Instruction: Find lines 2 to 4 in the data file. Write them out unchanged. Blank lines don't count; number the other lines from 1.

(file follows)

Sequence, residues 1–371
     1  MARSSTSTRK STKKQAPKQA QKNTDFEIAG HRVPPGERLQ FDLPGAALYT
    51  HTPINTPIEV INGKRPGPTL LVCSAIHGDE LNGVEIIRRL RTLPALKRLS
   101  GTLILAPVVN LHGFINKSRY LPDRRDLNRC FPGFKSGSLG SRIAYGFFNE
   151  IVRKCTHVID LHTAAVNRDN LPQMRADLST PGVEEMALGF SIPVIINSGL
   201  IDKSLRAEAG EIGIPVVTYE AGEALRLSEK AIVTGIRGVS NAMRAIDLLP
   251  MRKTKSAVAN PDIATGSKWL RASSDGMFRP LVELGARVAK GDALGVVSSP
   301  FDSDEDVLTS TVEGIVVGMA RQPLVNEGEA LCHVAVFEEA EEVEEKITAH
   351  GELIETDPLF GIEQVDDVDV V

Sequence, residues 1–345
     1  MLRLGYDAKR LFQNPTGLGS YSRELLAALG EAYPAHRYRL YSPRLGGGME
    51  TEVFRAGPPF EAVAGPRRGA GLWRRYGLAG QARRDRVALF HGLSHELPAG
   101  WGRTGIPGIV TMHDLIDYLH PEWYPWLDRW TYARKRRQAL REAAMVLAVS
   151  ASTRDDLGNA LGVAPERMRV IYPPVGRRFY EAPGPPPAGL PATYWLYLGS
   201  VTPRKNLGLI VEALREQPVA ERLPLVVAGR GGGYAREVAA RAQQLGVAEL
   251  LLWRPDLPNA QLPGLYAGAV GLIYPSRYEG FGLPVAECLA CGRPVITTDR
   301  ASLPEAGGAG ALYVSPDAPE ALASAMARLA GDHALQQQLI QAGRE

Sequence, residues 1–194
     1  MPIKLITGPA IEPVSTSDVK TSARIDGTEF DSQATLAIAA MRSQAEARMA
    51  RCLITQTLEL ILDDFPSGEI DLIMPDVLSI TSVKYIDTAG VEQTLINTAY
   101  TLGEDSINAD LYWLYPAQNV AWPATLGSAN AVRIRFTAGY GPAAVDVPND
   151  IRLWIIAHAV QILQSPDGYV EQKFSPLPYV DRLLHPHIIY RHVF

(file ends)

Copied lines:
     1  MARSSTSTRK STKKQAPKQA QKNTDFEIAG HRVPPGERLQ FDLPGAALYT
    51  HTPINTPIEV INGKRPGPTL LVCSAIHGDE LNGVEIIRRL RTLPALKRLS
   101  GTLILAPVVN LHGFINKSRY LPDRRDLNRC FPGFKSGSLG SRIAYGFFNE